Photos

Photographer's Note

The eruption of Mount St. Helens in Washington State on May 18, 1980, is certain to be remembered as one of the most significant geologic events in the United States of the 20th century. The explosion, on May 18, was initiated by an earthquake and rockslide involving one-half cubic mile of rock. As the summit and north slope slid off the volcano that morning, pressure was released inside the volcano - where super hot liquid water immediately flashed to steam. The northward-directed steam explosion released energy equivalent to 20 million tons of TNT, which toppled 150 square miles of forest in six minutes. In Spirit lake, north of the volcano, an enormous water wave, initiated by one-eighth cubic mile of rockslide debris, stripped trees from slopes as high as 850 feet above the pre-eruption water level. The total energy output, on May 18, was equivalent to 400 million tons of TNT - approximately 20,000 Hiroshima-size atomic bombs. 57 people died as a direct result of the blast.

The landslide generated waves on Spirit Lake stripped the forests from the slopes adjacent to the lake and created an enormous log mat, made up of millions of prone floating trunks that occupy about two square miles of the lake surface. These logs float freely as the wind blows them, and the decreasing size of the log mat indicates that the trees are gradually sinking to the lake floor. Careful observation of the floating log mat indicates that many trees float in upright position, with a root ball submerging the root end of the trunk, while the opposite end floats out of the water. Hundreds of upright floated and deposited logs have been grounded in shallow water along the shore of the lake. These trees, if buried in sediment, would appear to have been a forest which grew in place over hundreds of years, which is the standard geological interpretation for the upright petrified "forests" at Yellowstone National Park.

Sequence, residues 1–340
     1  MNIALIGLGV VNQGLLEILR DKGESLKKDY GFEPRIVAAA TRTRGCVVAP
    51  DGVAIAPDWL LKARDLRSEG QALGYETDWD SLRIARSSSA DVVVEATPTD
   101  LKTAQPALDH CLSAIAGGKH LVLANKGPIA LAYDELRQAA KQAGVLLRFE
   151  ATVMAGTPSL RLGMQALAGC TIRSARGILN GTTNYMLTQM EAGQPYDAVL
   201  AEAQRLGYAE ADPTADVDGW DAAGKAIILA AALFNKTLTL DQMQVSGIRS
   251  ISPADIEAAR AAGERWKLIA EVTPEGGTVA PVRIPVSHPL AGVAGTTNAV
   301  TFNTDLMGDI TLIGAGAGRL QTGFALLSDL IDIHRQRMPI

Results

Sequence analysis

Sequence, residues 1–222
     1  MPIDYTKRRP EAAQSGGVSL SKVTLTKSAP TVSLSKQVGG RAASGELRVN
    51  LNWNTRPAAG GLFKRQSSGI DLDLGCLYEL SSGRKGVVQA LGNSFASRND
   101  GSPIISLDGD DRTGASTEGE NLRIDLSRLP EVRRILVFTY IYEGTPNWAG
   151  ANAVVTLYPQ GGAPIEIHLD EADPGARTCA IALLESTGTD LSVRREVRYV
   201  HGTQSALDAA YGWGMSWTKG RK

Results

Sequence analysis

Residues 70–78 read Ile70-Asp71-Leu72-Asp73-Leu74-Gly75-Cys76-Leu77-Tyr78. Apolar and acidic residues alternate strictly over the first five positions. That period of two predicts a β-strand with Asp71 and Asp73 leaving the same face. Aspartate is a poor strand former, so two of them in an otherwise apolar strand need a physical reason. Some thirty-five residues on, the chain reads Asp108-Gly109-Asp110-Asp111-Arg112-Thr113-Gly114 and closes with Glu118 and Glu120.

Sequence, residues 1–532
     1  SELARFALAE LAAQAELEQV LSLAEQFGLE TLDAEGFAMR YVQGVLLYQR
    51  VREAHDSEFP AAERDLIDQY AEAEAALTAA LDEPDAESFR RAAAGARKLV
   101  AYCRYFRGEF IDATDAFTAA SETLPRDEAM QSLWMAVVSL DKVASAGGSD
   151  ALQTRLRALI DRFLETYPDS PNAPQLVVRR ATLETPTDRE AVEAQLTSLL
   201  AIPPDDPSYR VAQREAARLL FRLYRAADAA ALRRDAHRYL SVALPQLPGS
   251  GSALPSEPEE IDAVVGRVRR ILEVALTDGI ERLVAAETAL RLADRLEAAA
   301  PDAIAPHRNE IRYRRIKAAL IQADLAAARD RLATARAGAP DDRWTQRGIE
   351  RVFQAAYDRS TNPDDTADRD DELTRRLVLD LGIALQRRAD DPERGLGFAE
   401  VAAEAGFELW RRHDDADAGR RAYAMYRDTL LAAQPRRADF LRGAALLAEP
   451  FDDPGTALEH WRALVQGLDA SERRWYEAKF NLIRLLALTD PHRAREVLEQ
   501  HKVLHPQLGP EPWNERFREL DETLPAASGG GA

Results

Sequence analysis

The gray area you see in my photo is this log mat. It isn't a great photo since it was really foggy this day but the fog moved away just long enough to get a couple of photos.

tomaszmarcinek, delaufer, alvaraalto, LCannon has marked this note useful

Photo Information
Viewed: 1522
Points: 2
Discussions
Additional Photos by Julie Wyatt (j_wyatt) Gold Star Critiquer/Gold Star Workshop Editor/Gold Note Writer [C: 113 W: 55 N: 131] (685)
View More Pictures
explore TREKEARTH